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Van Jones, founder of the Oakland-based Green For All and Ella Baker Center for Human Rights received the 2010 NAACP Image Award last week. The National Association for the Advancement of Colored People honored the former “green jobs” advisor for his innovative work in social justice.

His book “The Green Collar Economy” promoted the notion that blue-collar workers could start and sustain green development. While at the White House, Van Jones worked on several green technology projects, including a rooftop garden installation with DC Green Works. Then Glenn Beck’s whole Nothing Storm descended upon the media and Van Jones left office.

No hard feelings, though. Van Jones “recently landed at the Center for American Progress, a Washington think-tank, and at Princeton University, where he will teach environmental and economic policy.” As the text of his acceptance speech indicates, he has nothing but love for others despite the setbacks:

(Transcript of Van Jones’s speech accepting 2010 NAACP President’s Award at the Image Awards)

VAN JONES: First of all giving honor to God and also to my mother Loretta Jean Kirkendall Jones–let me get it right. Get that right, straight! I want to thank my beautiful wife and our two boys Matai and Cabral. I want to thank the staff and supporters of Green for All, the Ella Baker Center for Human Rights and Color of Change, incredible freedom fighting organizations. I also want to give a shout out and a salute to President Barack Obama. President Barack Obama who is a world-class leader, a man who volunteered to be the captain of the Titanic after it hit the iceberg, and we’re still floating, and we’re still floating. Let’s stay with this president!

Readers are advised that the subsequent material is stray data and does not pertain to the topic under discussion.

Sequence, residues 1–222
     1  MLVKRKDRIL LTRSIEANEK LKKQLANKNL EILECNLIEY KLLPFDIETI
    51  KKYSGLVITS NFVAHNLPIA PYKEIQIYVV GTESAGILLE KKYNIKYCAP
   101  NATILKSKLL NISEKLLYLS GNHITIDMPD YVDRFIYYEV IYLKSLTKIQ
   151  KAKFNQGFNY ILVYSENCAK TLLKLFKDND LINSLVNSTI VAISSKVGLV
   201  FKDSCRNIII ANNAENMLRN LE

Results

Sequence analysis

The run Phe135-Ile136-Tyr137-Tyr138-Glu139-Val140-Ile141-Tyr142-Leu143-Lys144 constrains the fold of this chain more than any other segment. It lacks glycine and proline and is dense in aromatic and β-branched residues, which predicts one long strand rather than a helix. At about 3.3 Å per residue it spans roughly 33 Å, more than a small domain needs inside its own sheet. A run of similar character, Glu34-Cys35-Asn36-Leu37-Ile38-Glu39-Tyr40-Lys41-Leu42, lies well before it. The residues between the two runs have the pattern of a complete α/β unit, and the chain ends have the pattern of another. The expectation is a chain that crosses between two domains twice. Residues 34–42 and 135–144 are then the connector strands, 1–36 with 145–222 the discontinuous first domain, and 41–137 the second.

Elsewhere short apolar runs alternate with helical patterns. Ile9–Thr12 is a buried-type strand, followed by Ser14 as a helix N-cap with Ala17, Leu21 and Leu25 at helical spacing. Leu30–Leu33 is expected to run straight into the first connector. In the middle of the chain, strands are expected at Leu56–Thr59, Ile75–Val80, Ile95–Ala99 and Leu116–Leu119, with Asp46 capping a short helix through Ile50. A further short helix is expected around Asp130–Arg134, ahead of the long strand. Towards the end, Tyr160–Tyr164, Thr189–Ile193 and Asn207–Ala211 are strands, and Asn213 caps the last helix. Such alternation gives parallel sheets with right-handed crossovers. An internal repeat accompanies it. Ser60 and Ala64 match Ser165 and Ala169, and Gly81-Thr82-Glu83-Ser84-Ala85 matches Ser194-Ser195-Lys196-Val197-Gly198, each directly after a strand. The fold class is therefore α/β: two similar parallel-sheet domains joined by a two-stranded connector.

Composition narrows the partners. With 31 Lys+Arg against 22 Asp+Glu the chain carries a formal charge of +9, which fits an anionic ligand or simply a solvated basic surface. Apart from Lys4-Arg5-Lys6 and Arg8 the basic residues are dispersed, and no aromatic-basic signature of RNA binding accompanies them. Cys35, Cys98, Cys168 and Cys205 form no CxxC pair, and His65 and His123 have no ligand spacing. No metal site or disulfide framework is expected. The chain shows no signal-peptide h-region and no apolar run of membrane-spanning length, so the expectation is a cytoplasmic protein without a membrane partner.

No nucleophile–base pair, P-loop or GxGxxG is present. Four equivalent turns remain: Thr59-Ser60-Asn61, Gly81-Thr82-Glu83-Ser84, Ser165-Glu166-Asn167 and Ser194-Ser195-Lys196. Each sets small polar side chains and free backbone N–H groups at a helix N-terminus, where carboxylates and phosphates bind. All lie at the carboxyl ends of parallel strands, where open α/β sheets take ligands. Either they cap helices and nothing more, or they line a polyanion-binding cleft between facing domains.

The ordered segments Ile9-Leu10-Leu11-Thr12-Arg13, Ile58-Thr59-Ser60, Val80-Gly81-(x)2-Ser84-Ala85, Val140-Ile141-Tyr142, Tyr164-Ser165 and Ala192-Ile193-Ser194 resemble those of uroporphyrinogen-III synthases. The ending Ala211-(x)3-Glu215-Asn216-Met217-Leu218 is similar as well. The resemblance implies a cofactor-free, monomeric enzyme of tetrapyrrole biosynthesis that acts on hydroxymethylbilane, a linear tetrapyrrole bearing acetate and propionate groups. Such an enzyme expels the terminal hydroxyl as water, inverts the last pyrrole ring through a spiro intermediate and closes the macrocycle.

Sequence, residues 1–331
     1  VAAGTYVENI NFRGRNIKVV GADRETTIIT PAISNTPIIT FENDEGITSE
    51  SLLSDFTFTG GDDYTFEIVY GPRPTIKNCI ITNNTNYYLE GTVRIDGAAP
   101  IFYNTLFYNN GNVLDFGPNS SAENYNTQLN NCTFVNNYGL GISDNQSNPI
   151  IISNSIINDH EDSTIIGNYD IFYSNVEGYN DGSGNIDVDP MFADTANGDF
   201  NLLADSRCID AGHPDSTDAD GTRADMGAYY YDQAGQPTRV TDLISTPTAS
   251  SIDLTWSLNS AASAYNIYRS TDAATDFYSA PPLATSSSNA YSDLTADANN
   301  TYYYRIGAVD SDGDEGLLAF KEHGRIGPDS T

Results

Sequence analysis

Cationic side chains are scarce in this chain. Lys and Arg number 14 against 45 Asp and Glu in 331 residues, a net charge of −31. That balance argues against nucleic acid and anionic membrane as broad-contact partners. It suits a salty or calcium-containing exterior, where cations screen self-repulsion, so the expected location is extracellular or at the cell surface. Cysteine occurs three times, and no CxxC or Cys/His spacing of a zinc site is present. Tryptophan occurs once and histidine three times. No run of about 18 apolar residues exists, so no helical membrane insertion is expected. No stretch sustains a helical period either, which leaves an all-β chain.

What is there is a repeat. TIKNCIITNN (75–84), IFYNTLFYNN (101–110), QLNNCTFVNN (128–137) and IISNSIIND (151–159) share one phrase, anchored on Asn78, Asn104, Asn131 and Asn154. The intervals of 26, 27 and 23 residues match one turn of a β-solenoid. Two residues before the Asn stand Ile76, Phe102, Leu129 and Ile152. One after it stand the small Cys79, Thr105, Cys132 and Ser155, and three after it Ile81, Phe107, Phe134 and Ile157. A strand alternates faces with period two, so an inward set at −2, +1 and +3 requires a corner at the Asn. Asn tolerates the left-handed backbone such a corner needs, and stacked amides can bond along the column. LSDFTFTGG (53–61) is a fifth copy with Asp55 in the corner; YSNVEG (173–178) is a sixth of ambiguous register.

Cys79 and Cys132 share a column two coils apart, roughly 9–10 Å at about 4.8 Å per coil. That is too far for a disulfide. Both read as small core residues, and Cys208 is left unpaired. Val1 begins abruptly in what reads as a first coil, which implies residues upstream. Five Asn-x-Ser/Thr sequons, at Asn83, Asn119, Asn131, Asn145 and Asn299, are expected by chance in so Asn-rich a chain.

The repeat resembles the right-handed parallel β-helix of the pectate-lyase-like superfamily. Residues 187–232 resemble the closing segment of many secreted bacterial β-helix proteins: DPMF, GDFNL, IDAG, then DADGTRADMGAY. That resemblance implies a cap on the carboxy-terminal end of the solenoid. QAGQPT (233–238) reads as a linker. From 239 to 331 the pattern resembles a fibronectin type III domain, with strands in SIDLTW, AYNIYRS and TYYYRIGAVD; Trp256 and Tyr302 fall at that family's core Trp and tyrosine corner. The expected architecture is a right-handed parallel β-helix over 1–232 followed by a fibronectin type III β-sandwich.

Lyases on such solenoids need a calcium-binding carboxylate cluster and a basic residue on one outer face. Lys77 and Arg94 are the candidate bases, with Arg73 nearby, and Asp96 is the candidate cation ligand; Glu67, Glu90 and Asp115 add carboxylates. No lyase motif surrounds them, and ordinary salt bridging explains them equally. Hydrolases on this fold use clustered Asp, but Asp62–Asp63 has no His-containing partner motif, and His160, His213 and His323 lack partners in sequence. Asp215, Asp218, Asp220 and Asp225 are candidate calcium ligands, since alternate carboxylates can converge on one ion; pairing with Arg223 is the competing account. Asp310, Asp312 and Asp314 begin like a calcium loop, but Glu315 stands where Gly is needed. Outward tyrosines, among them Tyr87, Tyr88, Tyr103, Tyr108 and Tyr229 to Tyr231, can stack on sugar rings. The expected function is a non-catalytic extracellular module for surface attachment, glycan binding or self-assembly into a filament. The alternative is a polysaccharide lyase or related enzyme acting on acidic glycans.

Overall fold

And I also want to thank the NAACP for encouraging me to continue in my quest. It took a lot of courage for Ben Jealous to nominate me for this award and to give to me this award. I appreciate that courage, and I appreciate the courage of the NAACP.

I have had 1,000 defeats in this past year, but I had one victory, and it’s the most important victory to me: I don’t hate anybody. I’m not mad at anybody, and I still believe in the politics of hope. I still believe! You can’t take that from me. You can’t take it from me.

And I know one thing, we have people in every community in America right now watching this program who don’t have jobs, who are suffering, who are afraid, living in economic uncertainty, and I know there’s a future out there for them where they get a chance to make the products of tomorrow. If we want the jobs of tomorrow, we have to make the products of tomorrow. There’s somebody right now who’s in Detroit, and they know how to make cars. They’re a skilled machinist, but they’re idle. Let them make the wind turbines and the smart batteries and the solar panels to repower this country. Let them work! Give them hope! Give them the opportunity!

There’s somebody right now who’s living in Appalachia, who’s living in rural America, who’s afraid she’s going to lose her land because she doesn’t have enough sources of income. Let her put those wind turbines up. Let her grow an energy crop. Give her the opportunity to hold on to her land and be a part of this energy revolution. Let’s get everybody involved in repowering America in a clean way.

And for a country that beautiful, that prosperous, that innovative, that united, I am willing to walk through fire and brimstone and fire and brimstone until we get the job done.

The last thing I want to say is this. To my fellow countryman, Mr. Glenn Beck, I see you and I love you, brother. I love you and you cannot do anything about it. I love you and you cannot do anything about it. Let’s be one country! Let’s be one country. Let’s get the job done.